Romney to Trump: Apologize for post-Charlottesville reaction
It’s not going to happen. Still, former Massachusetts Gov. Mitt Romney, before this past weekend’s rally in Boston, was urging President Trump to apologize for causing “racists to rejoice, minorities to weep, and the vast heart of America to mourn” over the president’s reaction to the violence in Charlottesville, reports the New York Times. Here’s Romney’s Facebook statement in full.
While Koh leaves mayor’s office to run for Congress …
He’s going for it. After two weeks of speculation, the 32-year-old Daniel Koh, described as the “wunderkind” chief of staff to Mayor Marty Walsh, is indeed leaving his City Hall post to run for next year’s open seat now held by retiring U.S. Rep. Niki Tsongas, reports the Globe’s Milton Valencia and the Herald’s Matt Stout. Koh is moving back to the 3rd District to qualify for what’s expected to be a crowded and expensive race.
… Sweeney steps in as Walsh’s new chief of staff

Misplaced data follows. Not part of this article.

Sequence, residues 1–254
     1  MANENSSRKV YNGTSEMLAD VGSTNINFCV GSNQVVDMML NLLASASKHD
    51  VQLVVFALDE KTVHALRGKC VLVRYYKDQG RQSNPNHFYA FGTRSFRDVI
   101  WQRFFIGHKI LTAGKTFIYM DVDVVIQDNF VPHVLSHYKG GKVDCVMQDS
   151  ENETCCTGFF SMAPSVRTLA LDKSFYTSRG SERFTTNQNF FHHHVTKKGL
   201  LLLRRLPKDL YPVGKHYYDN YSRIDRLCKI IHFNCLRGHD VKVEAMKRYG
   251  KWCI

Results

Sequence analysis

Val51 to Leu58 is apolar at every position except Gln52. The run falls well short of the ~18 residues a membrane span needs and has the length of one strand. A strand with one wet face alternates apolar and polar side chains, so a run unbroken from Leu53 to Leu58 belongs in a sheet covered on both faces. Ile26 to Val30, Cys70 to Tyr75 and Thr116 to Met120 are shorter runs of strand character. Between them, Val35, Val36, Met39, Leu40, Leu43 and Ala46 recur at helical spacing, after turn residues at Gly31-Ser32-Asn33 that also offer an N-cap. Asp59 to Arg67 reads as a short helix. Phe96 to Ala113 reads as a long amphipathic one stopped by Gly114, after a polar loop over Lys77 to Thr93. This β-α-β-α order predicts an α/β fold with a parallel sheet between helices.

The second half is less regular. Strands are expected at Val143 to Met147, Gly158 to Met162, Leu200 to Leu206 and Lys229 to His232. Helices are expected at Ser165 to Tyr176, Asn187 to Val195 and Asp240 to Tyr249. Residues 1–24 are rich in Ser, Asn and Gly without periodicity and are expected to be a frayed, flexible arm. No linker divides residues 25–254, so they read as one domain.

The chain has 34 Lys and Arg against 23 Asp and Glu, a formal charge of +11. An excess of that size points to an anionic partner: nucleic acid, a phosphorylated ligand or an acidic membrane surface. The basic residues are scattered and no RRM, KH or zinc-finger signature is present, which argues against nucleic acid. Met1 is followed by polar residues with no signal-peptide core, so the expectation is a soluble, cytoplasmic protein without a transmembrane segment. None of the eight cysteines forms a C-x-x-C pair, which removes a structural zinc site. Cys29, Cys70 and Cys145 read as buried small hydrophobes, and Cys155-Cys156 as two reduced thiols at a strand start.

Daniel Koh’s replacement at City Hall is a familiar face to many on Beacon Hill. David Sweeney, the city’s current chief financial officer, will be appointed Mayor Walsh’s new chief of staff after Koh leaves to run for Congress, reports Jennifer Smith at the Dorchester Reporter. The Herald’s Dan Atkinson reports that Sweeney, a Dorchester resident, is a former budget director at the State House and ex-CFO of the state Lottery.
Home sellers could be required to disclose lead in drinking-water pipes
A bill filed by state Rep. Russell Holmes and backed by a dozen lawmakers would require home sellers to disclose lead in plumbing and drinking water pipes, reports Christian Wade at the Eagle Tribune. For decades, homeowners have been required to inform potential buyers about lead paint or plaster detected in home tests, but that mandate currently doesn’t apply to pipes.
New Hampshire definitely has us beat on this one: Rest stops that are actually open
This is embarrassing to the commonwealth, which, as the Globe’s Brian MacQuarrie notes, isn’t exactly doing a great job keeping public rest stops open – and clean. By comparison, New Hampshire looks like it actually cares about such things.
Healey: Opening up offshore areas to drilling could ‘devastate’ fishing industry
Attorney General Maura Healey is opposing the creation of a new federal offshore oil and gas leasing program, saying in a filing that offshore drilling could lead to oil spills that could “devastate” Massachusetts’ commercial fishing industry, harm the state’s economy as a whole and wreak havoc on the environment, the Associated Press reports at CBS Boston.